The Best of Audible — Books That Everyone Can Benefit From

I love books! Unfortunately, I don’t have enough time every day to read as much I would like to. Instead, I multitask by listening to books on Audible when I am doing other things. I have benefited so much from what I have learned through the Audible service that I feel compelled to share my favorites.

I just started using Audible early this year (because I started spending lots of time in my car) and have already discovered so many great “listens”. Here are some of my favorites so far:

  1. A Short History of Nearly Everything, by Bill Bryson. Summarizes basically everything we as humans know about the history of the world from a scientific perspective. Absolutely fascinating stuff that any non-scientist can understand.
  2. The Lucky Years: How to Thrive in the Brave New World of Health, by David B. Agus MD. A no-bullshit guide to what we know and don’t know about major health issues today, and where we are going to be very soon using big data. Cuts through the media noise that tends to confuse people about treatments, health issues and the like.
  3. The Story Teller’s Secret, by Carmine Gallo. It seems to be missing from Audible right now but its a great book for anyone that ever does public speaking, pitches ideas or products, wants to persuade or sell, or generally be an effective group communicator. Great, simple tips for how to tell a moving story.
  4. Ego is the Enemy and The Obstacle is the Way, by Ryan Holiday. I love Ryan Holiday books. He has a way of articulating some rather dry philosophical texts into exciting and inspiring stories and ideals to live by. I have to say that his books have influenced my thinking, behavior, and perspective on life more than any other book I have read to date.
  5. Chaos Monkeys: Obscene Fortune and Random Failure in Silicon Valley, by Antonio Garcia Martinez. I know I said these recommendations are for “everyone” but ok, maybe this one is only for some. I recommend this book to people that are “in the business”. It’s hilarious and totally confirms everything I ever experienced in tech but will be totally irrelevant and probably boring to those of you that do not work in tech.
  6. Tiny Beautiful Things: Advice on Love and Life from Dear Sugar, by Cheryl StrayedThis book is full of insanely honest and candid advice that you won’t ever hear, anywhere. Seriously shocking stuff with seriously frank, honest, heartfelt and ultimately very useful advice. It’s also endlessly entertaining due to the shock value of the content.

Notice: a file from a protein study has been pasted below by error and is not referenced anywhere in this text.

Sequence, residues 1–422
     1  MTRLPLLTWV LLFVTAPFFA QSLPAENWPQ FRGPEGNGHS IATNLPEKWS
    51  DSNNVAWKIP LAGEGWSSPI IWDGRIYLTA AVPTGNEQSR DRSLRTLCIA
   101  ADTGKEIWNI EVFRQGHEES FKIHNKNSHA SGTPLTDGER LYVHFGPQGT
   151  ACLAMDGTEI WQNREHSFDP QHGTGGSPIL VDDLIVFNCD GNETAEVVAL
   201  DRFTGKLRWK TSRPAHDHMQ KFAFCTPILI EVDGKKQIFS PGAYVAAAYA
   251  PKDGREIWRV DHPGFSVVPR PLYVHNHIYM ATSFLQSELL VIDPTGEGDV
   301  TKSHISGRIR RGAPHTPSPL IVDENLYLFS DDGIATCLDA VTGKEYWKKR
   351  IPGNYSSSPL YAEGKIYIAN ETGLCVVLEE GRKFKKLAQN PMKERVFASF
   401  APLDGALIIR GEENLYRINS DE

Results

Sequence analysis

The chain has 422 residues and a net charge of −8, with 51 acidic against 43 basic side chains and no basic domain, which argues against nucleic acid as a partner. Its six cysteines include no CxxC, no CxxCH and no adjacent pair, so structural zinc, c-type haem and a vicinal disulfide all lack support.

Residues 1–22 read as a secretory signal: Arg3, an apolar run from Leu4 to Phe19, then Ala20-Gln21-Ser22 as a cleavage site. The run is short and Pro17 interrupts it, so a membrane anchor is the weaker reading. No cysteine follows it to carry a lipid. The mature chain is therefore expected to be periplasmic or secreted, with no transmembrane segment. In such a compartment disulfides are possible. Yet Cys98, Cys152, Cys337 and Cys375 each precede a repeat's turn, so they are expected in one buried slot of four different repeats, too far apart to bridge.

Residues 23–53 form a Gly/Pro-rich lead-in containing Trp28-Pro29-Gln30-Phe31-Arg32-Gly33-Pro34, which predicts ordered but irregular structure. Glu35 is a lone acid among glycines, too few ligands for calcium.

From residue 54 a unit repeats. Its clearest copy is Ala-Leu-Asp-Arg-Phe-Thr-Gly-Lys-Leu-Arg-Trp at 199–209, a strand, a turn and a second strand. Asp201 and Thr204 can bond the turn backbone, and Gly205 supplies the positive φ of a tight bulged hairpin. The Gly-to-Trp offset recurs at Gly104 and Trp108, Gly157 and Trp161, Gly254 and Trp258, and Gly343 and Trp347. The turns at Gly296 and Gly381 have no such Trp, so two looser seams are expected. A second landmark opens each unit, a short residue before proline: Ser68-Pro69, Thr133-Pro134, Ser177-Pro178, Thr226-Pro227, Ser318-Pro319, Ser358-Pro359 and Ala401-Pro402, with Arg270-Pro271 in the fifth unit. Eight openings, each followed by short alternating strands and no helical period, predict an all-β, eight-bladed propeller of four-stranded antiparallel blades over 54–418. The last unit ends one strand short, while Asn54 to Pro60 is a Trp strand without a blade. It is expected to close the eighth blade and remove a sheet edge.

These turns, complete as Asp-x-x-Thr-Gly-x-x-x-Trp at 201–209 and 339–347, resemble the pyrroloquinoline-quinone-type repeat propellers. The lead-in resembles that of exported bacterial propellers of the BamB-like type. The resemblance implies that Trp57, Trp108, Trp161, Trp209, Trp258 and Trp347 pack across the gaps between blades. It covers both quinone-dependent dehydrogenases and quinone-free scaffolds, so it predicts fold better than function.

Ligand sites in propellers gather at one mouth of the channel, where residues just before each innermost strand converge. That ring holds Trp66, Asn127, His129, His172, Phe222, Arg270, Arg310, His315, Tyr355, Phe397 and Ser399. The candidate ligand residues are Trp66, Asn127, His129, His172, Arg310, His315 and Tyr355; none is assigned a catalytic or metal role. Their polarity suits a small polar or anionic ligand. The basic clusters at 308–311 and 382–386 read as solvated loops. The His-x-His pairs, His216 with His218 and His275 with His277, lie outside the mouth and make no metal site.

7. Thank & Grow Rich: A 30-Day Experiment in Shameless Gratitude and Unabashed Joy, by Pam Grout. This is a fun and beautiful play on “Think and Grow Rich” by Napoleon Hall. It’s a guide to being thankful, appreciative and full of gratitude every day, and the benefits that potentially follow as a result. A good, positive read for anyone, anywhere in the world. Pure love and inspiration — read it!
  8. The Hard Thing About Hard Things, by Ben Horowitz. A brilliant recounting of Ben’s riveting experience founding and running a start-up in the first bubble. It’s packed full of business lessons that too many people I have encountered in business have not yet learned or don’t understand. His real-life stories are intertwined with practical advice on what it really takes to survive in the commonly brutal world of tech.
  9. American Kingpin, by Nick Bilton. Sure this is a fun mildly suspenseful tale of a kid that built an empire on the dark web, but the most interesting takeaway from this book is the deeper understanding you’ll gain about how the Dark Web works, which is not too far off from how the actual non-dark web works. As a lifelong internet worker, the similarities make me laugh. 
  10. Hillbilly Elegy, by J.D. Vance. Want to understand how people in the same country so see the world, and politics, so drastically different? Vance paints the picture of what we call “middle-America” in a way that only someone that lived it can. It’s a great reminder about how and why we can be so divided as a country – highlighting the drastically different worlds that the “have’s” and the “have-nots” grow up and exist in. 

 

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I am the lead Vurbl audio curator. I am scouring the web for the best sources of audio to bring to our audience.

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